There are few places on this planet where a birdwatcher can witness a mass concentration of over a hundred thousand waders in their summer plumage. Westhoek is such a place. If you choose your visit carefully in May or (preferably) between the third week of July and the first week of September. You have to watch the tide (http://www.watersportalmanak.nl/getijdentabellen-2019/harlingen) to make sure you arrive at Westhoek 2 – 1,5 hours before high tide. As you wait at the transition between glasswort and mudflat, you will first see the masses of waders at over a kilometre distance. But as the tide slowly comes in the birds will come closer and closer, until you have tens of thousands of waders foraging right at your feed. The majority will consist of Dunlin, Curlew Sandpiper, Grey Plover, Bar-tailed Godwit, Sanderling, Little Stint, Avocet, Common Ringed Plover and Eurasian Curlew, but among the masses of common waders rarities like Red-necked Phalarope, Broad-billed Sandpiper or even an American vagrant could be found. Witnessing such a sheer mass of birds from such a short distance is an experience that will stay with you forever.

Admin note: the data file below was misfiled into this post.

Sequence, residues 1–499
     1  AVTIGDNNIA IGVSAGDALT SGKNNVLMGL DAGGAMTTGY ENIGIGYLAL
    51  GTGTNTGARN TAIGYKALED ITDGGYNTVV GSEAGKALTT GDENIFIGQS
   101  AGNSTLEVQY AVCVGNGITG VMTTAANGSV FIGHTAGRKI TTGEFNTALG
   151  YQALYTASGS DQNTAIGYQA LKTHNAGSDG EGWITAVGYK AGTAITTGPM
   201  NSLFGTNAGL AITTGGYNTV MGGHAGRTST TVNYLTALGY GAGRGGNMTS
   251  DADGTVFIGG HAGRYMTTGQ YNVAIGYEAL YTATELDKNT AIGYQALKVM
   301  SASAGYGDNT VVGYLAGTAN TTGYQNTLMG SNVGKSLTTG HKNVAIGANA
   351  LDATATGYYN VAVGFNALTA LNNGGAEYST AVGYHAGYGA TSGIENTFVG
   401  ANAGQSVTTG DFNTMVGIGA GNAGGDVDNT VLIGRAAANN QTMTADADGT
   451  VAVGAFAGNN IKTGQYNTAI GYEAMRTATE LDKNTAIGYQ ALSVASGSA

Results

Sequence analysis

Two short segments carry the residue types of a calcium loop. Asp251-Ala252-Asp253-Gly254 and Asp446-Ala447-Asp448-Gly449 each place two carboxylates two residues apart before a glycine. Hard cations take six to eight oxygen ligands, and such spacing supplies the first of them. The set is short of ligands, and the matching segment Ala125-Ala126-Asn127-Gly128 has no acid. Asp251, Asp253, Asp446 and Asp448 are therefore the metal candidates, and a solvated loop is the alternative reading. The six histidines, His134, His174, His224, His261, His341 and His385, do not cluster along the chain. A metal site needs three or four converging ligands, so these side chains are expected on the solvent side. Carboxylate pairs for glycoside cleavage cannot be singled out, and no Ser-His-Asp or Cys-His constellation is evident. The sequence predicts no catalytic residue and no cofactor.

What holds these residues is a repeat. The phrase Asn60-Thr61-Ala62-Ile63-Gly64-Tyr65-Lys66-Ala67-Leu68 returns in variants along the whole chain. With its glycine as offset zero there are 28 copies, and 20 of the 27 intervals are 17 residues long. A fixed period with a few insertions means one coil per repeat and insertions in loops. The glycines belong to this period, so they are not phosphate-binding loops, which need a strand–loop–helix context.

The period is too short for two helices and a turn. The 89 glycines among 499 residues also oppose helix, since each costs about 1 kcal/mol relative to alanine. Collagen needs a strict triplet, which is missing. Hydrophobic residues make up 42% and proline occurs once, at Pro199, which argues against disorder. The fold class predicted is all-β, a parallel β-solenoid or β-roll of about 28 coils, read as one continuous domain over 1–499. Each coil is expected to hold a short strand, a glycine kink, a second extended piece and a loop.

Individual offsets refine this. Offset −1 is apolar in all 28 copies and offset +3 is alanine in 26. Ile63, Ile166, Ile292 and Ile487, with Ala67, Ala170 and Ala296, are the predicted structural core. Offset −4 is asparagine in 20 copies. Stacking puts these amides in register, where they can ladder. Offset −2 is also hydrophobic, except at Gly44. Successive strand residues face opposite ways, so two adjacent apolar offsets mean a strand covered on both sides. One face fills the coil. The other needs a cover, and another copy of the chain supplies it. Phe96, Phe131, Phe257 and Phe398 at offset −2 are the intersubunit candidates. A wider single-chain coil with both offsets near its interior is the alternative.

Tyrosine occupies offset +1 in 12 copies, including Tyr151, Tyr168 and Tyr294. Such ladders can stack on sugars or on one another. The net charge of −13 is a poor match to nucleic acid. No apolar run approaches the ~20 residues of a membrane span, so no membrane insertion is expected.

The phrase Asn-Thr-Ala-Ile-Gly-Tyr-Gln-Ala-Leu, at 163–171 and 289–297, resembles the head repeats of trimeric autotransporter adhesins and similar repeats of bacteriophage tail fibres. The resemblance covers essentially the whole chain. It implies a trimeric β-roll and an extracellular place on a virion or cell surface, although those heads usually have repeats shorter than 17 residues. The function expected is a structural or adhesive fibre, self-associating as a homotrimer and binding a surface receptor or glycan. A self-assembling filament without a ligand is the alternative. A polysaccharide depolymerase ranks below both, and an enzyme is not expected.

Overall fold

You can park at the small car park adjacent to the dike just outside Westhoek (See the P on the map), near the Gaya Indonesia Restaurant. Cross the dike and follow the small track through the reeds until you reach the base off the mudflats. Position yourself at the transition from reeds to glasswort.